Sunday, April 26, 2015

What's happening in the late April garden

Spring in the park

Sunday, April 26, 2015

It was unusually cold through the end of February and March this year in our Zone 6/7 garden.  Things are not popping out of the ground like they were last year.

So, what is popping up?  Overwintered garlic, Elephant garlic, French sorrel, blood veined sorrel, kale, sprouting broccoli, dandelions, common chives, garlic chives, strawberries, onions, wild leeks, sage, mint, thyme, newly planted Oregon sugar pod peas and overwintered Austrian pea shoots.

We added compost, fertilized, and mulched the garden beds and pots at the end of March.  It is not too late to prepare your beds and plant cool season veggies right now.  You can plant a summer garden right through June. 

Lowes, Home Depot, and Ace all have bedding veggies in stock.  Of course, I couldn’t resist!  I bought broccoli, rosemary, oregano, lavendar, snapdragons, alyssum, petunias, chard, buttercrunch and romaine lettuces. I am in love with the red and burgundy varieties! I grew from seed and planted Tuscan kale, sugar snap peas, mesculun greens, several heading broccoli, sprouting broccoli, 9 Star perennial broccoli, Golden Streaks mustard, pole beans, oregano, parsley.   Outdoors I sowed seeds of various lettuces, spinach, carrots, beets, culantro, cilantro, and Fordhook Swiss chard.   

For outdoor sowing, I have a few elongated pots that I start my seeds in. This was I can get them at the perfect depth.  I put labels in each so I don’t forget.  When they are up and have a few leaves, I will transplant into larger pots or the garden.  I plant my veggies in my mulched garden beds.  Most seedlings can’t press through the mulch.  The other thing I like about having sprouting pots is that I am not wondering if it is a weed or something I planted!
Pot for seed starting

I am still starting summer loving veggies, fruits and flowers indoors.  The Aerogarden, a hydroponic system, is great for this.  Just planting in re-used 6 packs on a heated mat does fabulous as well.  I am using both at the moment.

I plant a few annual herbs and any tender perennial herbs that didn’t survive the winter each year.  Annual herbs-cilantro, culantro (heat tolerant herb that tastes like cilantro), basil, parsley, dill and tender perennials-rosemary and bay are mainstays.

The cilantro does not last long; as soon as it warms up, it bolts.  You have to succession plant these to keep them in the garden.  Place them in a cool spot that gets some morning sun, but is in the shade the rest of the day.  Culantro has the taste of cilantro, but does not bolt.  Keep it in the shady part of the garden for the fresh taste all summer long.  Parsley and dill typically re-seed themselves so I wait until May before I replant these annuals.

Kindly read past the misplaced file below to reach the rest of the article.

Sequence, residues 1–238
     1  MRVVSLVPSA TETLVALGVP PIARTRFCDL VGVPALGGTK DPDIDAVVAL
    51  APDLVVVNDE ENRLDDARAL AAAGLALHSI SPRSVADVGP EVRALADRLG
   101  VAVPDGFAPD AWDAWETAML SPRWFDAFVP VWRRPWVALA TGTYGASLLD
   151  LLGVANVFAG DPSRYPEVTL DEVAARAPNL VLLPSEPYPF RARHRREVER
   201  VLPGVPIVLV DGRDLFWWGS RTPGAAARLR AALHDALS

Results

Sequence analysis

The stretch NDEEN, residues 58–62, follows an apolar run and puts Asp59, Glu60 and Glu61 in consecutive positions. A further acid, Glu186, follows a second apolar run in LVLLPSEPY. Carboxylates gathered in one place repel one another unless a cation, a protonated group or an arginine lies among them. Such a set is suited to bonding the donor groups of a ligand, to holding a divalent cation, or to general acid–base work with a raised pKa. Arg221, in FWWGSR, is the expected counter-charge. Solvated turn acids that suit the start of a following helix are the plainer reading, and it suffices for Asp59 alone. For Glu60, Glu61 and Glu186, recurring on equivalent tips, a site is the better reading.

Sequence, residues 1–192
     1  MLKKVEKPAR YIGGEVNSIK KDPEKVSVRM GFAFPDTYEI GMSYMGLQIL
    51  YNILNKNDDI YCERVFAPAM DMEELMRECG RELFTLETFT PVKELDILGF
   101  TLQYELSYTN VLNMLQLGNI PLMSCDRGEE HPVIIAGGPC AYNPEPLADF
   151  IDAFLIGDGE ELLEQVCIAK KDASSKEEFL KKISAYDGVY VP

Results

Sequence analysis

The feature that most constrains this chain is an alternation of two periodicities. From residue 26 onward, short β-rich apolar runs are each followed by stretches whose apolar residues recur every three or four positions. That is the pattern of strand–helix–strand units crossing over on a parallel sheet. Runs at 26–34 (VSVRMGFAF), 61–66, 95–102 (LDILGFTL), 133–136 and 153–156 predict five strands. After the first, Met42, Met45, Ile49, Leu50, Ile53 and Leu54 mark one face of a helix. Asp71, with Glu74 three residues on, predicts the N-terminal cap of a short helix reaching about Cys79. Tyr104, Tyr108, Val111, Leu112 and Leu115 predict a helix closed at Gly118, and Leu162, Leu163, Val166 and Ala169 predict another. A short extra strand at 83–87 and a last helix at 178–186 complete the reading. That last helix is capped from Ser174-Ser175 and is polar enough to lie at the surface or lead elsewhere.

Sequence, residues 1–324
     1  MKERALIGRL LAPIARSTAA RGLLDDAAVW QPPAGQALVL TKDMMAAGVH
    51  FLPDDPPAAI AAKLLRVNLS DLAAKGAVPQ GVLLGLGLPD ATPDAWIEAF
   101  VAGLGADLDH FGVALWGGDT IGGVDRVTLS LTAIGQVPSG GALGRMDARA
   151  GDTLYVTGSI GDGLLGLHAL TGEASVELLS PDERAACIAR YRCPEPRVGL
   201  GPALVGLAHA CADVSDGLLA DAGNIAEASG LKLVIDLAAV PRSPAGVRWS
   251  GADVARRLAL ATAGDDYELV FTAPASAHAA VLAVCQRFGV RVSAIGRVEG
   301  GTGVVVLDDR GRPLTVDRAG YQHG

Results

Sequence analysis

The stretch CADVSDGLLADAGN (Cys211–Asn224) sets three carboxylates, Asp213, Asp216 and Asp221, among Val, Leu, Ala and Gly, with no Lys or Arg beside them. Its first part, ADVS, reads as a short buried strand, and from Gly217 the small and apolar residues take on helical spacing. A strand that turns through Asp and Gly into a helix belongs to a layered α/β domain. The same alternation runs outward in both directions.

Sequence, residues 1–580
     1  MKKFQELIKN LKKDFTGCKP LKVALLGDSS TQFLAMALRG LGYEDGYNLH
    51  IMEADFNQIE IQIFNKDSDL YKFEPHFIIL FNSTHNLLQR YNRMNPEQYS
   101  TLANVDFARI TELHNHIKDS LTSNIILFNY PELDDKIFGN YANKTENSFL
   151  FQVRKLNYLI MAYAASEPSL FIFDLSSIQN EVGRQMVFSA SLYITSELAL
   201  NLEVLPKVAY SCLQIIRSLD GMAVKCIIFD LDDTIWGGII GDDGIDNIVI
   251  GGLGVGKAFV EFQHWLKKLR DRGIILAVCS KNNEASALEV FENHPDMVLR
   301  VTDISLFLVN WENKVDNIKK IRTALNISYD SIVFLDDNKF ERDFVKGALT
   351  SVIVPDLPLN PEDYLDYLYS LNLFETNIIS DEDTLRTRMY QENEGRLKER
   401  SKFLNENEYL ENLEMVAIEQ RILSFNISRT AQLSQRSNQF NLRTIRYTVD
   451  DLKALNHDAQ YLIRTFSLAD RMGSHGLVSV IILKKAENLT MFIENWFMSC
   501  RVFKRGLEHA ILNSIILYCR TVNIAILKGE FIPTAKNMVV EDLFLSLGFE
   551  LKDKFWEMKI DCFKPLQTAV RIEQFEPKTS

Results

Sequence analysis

Most Mediterranean herbs are perennials like thyme, oregano, tarragon, sage, lavender.  Bay can survive in Zone 6 if the winter is mild.  There are varieties of rosemary rated to Zone 5, but I have never had mine come back for a second year.  Basil is very cold tender and must be replanted each spring after all danger of frost has passed.
Tarragon to left, garlic chives in center and common chives on right, getting ready to flower

Chard is a decorative and hardy green that comes in such beautiful colors-orange, red, yellow, burgundy, fuchsia and white stemmed varieties.  I planted them all along the back of the garden bed one of each color from the little flat of seedlings.  

Small chard leaves are great in salads.  Large leaves are great steamed.  The stalks of the large leaves can be used like celery, but very pretty celery!  Chard is a tender perennial.  The white stemmed Fordhook Swiss Chard is the most cold hardy. I think a pop of white makes the dramatic colors even more vibrant.   I had a red chard come back for years.  Chard produces a ton of seeds.  Save them from your favorite plants and reseed next spring.  Seed saving produces plants that are uniquely adapted to your garden conditions.

I like broccoli raab or sprouting broccoli because you get small broccoli heads throughout the entire growing season versus one large head at once.  The leaves are also edible and great to add to salads.  They grow to be large plants.  Two plants gave us all the broccoli and broccoli leaves we needed for our salads.  If planting in a container, thin to one plant in a large pot.  My overwintered purple sprouting broccoli already has florets!  I started 2 new plants from seeds I saved from a couple of summers ago.  They are filling out nicely.
Purple sprouting broccoli with florets

Now is also the time to plant spring garlic.  Fall is the best time, but you can get scapes and small cloves by planting in spring.  My elephant garlic is going strong.  When you dig the garlic in the fall, there are tiny cloves that usually get left behind.  These will come back in the spring.  The tiny cloves may take 2 seasons to get up to full size cloves.  I have garlic resprouting from these tiny bulbets left in the ground after last year’s harvest.

The lettuce I planted at the beginning of March has leaves large enough to harvest.  The sprouting broccoli, dandelions, sorrel, pea shoots are all great adds to spring salads.

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